America’s aging population, which is being driven in large part by the retirement of the Baby Boomer generation, has had a significant impact on many different factors of our society, but one largely unnoticed trend has been the increasing reliance of many individuals and families on the use of nursing care facilities to help elderly Americans remain in good health throughout their twilight years. In fact, the demand for nursing home care, which has been steadily increasing for decades, appears poised to now reach unprecedented levels in the coming years.
This, unfortunately, may also prove to be problematic. As the demand for nursing care increases, so too does the overall share of nursing care facilities operated on a for-profit basis. And the reality is that these facilities often cut corners, sometimes drastically, or otherwise mistreat their residents in order to increase profit margins. A disturbing case from South Carolina demonstrates the ways in which for-profit nursing homes can cause serious injury or other forms of damage to occur to residents.
Life Care Centers of America, one of America’s largest for-profit nursing care companies with more than 200 facilities in 28 different states, is currently under investigation by the federal government for a series of abuses the company is alleged to have committed. The government’s interest in the company relates to potential Medicare and Medicaid fraud that may have occurred as a result of the company submitting residents to care and treatments which they did not need solely in order to bill the government more for services rendered. But the consequences of this unnecessary care have, in some circumstances, been devastating.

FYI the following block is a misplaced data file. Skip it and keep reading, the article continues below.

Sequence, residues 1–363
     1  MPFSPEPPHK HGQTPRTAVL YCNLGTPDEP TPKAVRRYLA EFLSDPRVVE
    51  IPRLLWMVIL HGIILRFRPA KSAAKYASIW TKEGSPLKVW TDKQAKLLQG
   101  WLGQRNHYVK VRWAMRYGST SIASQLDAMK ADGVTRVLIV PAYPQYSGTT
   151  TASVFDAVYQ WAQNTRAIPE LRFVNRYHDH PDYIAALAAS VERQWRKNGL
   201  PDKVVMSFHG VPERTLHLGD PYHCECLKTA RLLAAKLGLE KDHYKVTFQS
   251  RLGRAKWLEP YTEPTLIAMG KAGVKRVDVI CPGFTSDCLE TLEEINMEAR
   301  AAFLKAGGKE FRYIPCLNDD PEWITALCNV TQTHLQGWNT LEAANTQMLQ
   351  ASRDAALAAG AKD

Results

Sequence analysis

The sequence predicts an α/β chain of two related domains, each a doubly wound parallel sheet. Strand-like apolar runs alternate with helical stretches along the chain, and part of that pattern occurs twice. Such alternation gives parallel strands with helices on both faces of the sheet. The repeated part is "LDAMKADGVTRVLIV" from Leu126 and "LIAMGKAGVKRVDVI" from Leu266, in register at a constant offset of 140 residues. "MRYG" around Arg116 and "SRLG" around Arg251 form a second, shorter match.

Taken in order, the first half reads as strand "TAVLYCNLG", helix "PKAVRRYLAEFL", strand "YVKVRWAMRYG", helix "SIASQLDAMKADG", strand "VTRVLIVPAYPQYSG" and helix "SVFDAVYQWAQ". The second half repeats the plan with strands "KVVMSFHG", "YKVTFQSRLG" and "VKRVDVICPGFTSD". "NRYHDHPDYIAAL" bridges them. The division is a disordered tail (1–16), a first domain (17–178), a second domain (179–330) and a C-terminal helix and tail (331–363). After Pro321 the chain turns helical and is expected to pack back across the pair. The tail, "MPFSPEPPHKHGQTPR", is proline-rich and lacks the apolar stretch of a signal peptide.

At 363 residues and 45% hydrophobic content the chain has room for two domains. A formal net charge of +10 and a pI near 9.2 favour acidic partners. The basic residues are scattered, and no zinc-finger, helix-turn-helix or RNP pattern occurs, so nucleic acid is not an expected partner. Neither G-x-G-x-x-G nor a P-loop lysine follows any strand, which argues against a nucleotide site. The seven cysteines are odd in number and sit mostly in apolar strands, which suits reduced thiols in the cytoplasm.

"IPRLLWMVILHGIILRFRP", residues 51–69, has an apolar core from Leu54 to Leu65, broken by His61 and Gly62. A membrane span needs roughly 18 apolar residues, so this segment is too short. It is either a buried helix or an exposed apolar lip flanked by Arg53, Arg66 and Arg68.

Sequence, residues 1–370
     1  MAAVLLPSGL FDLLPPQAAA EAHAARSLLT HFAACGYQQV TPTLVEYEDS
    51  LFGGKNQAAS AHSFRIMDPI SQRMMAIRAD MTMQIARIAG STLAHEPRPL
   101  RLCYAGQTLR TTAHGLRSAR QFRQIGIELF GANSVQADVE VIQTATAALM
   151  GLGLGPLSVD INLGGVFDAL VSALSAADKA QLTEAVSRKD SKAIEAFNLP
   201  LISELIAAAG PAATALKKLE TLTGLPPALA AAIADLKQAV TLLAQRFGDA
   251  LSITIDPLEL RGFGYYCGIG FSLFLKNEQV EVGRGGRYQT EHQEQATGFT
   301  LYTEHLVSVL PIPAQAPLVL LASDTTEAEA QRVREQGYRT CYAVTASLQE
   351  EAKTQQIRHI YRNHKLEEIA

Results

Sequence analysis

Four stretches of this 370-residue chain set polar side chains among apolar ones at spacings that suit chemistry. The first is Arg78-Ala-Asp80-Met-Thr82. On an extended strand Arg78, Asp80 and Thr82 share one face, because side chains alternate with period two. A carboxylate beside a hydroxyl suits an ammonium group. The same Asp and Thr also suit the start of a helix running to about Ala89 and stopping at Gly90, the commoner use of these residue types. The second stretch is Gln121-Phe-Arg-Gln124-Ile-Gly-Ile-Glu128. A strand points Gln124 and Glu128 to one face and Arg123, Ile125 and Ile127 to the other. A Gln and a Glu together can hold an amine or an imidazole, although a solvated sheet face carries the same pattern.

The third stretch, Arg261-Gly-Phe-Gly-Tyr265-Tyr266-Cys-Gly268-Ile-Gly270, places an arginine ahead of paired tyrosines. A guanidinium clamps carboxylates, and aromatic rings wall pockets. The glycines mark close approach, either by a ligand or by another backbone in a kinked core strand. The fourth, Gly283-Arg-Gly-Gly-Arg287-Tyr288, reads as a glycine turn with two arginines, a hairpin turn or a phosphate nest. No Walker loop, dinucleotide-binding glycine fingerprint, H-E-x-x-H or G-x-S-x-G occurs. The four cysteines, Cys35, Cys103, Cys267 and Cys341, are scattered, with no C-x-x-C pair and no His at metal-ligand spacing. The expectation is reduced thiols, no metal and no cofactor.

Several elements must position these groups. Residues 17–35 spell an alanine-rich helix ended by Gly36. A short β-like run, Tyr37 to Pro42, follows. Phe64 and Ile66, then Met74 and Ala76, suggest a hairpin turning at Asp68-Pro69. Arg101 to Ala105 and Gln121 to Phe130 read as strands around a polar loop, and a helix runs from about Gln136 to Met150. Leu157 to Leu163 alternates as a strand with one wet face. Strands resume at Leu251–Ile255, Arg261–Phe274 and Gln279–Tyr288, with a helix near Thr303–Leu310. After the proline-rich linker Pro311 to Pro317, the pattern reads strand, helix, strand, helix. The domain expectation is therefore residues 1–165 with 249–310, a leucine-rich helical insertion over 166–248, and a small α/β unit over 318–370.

At a South Carolina facility operated by Life Care, an 80-year old woman was placed in a standing frame for well over an hour, ostensibly for physical rehabilitation and “occupational” therapy. This woman was unable to control her head or keep her eyes open, and the treatment, as described in federal documents, had no relevant purpose. Two days later, the woman died, in part because of the unnecessary treatment she had received.
In many other cases, for-profit nursing homes operate with far fewer staff than necessary to provide their residents with the care they need, choosing instead to optimize cost structures at the expense of patient safety. The results of this type of negligence can be just as devastating as unnecessary patient care, potentially causing medication errors, patient injuries, and many other possible causes of harm to occur. For this reason, for-profit nursing homes are often cited by nursing home abuse lawyers as the most dangerous care facilities in which to place elderly relatives.